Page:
With all the fuss over Netflix's price hikes and near-catastrophic amputation of its DVD-by-mail arm, after the all the pitchfork wielding, the mass exodus, falling stock price, and everything else company CEO Reed Hastings and the rest of the Netflix crew would like to forget about, subscribers still kicked back on their couches and tuned in to what the streaming outfit had to offer.
Unless you've been intentionally cutting yourself off from mainstream movies and TV (and we wouldn't blame you if you had), you've probably become aware of the practice known as product placement--when companies pay money to have their product or brand featured in a movie or TV show.
Used judiciously, product placement can be a way for filmmakers to get a little extra cash and flesh out the realism of their world. It makes more sense to see characters at a bar drinking real brands of beer, after all. Unfortunately, Hollywood isn’t known for its subtlety, and product placement can all too often be jarring and obvious.
And, of course, tech brands are no stranger to this kind of advertising. We’ve put together a gallery of 15 of the most shameless, hamfisted instances of tech product placement in movies and TV shows. Check them out, then hit the comments and let us know what we missed.
Western Digital's WD TV media player family just got a little bit better with the addition of streaming movie service Vudu. That's in addition to several new sports and entertainment services WD rolled out to the WD TB Live and WD TV Live Hub media players, both of which are already content rich with support for Netflix, Hulu Plus, Blockbuster, CinimaNow, Spotify, Pandora, YouTube, Facebook, and a bunch of others.
One of my favorite zombie movies is Revenge Of The Zombies, made in 1943. It stars John Carradine as the mad scientist and Gale Storm as the female ingénue. It’s not a great movie, in fact it’s not even a very good one, but it has an ending that still disturbs me to this day. John Carradine has turned his beautiful wife into a zombie. He’s also trying to breed a race of zombies for Hitler. But his wife still has some free will. She takes control of the growing army of zombies (well, only four or five) and they take Carradine down to the spooky swamp, where she faces him, holds him by the shoulders so he can’t escape, and they both sink down into the quicksand. He struggles, she doesn’t. The rest of the zombies sink down with them. What’s disturbing about this ending is the thought that if zombies never die, then they’re all still down there, waiting, brooding…and maybe some night will come oozing and squelching out of the swamp…?
It seemed like Netflix had it all not all that long ago. A thriving DVD-by-mail rental business, a streaming service that grew more popular than movie studios anticipated, and for the most part, happy subscribers. All that was before Netflix shot itself in the foot with a laser guided cannon, and it's been hopping awkwardly ever since. Watching Netflix stumble around isn't the kind of thing that leads to investor confidence, nor is warning that the worst might be yet to come.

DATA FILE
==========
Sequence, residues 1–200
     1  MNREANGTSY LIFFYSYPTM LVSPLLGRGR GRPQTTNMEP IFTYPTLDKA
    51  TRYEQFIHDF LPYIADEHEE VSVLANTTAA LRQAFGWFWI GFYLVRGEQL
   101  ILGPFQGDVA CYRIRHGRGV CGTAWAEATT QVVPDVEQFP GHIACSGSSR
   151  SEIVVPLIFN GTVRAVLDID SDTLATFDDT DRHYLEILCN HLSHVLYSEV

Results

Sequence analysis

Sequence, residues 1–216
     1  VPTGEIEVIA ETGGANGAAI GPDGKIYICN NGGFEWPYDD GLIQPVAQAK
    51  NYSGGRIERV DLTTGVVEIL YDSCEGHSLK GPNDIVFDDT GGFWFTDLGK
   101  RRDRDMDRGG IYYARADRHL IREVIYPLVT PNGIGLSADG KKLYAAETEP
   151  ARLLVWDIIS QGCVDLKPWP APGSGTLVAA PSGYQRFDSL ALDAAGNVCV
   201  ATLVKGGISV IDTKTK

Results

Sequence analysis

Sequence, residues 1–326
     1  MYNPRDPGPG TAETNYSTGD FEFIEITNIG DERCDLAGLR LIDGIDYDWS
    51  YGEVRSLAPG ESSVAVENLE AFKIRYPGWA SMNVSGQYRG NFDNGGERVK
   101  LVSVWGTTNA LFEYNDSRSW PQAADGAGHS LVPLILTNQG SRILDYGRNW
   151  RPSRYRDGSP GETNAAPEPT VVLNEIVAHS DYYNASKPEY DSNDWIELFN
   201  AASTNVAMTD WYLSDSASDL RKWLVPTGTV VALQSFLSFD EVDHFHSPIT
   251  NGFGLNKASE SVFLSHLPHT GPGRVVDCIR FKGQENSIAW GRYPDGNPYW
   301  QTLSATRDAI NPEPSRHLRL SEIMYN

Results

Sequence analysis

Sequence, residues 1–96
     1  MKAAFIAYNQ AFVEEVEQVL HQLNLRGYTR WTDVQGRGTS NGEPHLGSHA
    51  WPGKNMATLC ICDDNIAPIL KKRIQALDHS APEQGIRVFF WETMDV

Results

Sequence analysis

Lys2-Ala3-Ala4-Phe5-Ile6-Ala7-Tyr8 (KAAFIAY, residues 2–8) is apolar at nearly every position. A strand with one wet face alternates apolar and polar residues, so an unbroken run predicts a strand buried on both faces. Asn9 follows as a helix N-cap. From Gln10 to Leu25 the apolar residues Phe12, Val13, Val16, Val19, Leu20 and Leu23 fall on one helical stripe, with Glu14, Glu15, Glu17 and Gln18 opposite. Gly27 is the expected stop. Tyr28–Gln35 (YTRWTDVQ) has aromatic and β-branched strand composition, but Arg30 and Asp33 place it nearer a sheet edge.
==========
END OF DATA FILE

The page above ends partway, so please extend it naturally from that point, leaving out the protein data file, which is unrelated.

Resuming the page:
With Netflix’s 21.5 million streaming subscribers set to lose access to Starz’s content in February 2012, everyone has been left wondering what comes next. The company’s content catalog currently includes hundreds of movies from Sony and Walt Disney, including several original programs such as “Spartacus” and “Boss”. Will the company retreat back to the safety of established cable networks? According to Starz President Chris Albrecht they still have a bright future ahead of them online, but will soon be going direct to customers with an HBO Go-like application for phones, tablets, and other popular streaming platforms.
When you look around and see the competition jacking up prices, the temptation must be to follow suit, because that's what all the movie rental companies are doing. Netflix started this craptacular trend, and while subscribers were still raging on message boards, RedBox went and slipped in a price a increase of its own, albeit a comparatively minor one. Now it's BlockBuster's turn, and come November 8, you could pay as much as $4 for a rental at one of those familiar blue Kiosks.
Fun Fact: Most people would rather watch a movie than go to work... unless of course watching movies is one of your job functions, in which case you might be happier reading a book--It’s a strange world out there. Unfortunately, the majority of we worker bees aren’t able to take in a flick while on the clock, forced instead to keep our eyes on spreadsheets, assembly lines and work orders. Don’t fret: Hollywood’s just a set of headphones away, thanks to Listen to a Movie, our Cool Site of the Week.
You may remember our previous assortment of geek heroes. A fine gathering of geeky go-getters, indeed. But in the wide whacky world of TV and movies, the nerd well runs deep and your suggestions as to who was left off the initial list were noted. So why not go back for another bucketful of geeky goodness?
In true Hollywood fashion we've one-upped ourselves—literally. So, in this blockbuster sequel to our previous gallery, we bring you not 15, but 16 more of the greatest geek heroes to ever grace the screen.
In what was largely overshadowed by the intense backlash over Netflix's ill-fated decision to spin off its DVD-by-mail rental business into Qwikster is that you'd be able to rent videogames in addition to DVDs and Blu-ray movies. It was to be an upgrade option similar to the one for Blu-ray, except you'd be able to rent Wii, PlayStation 3, and Xbox 360 games. Did Netflix nix those plans when it axed Qwikster?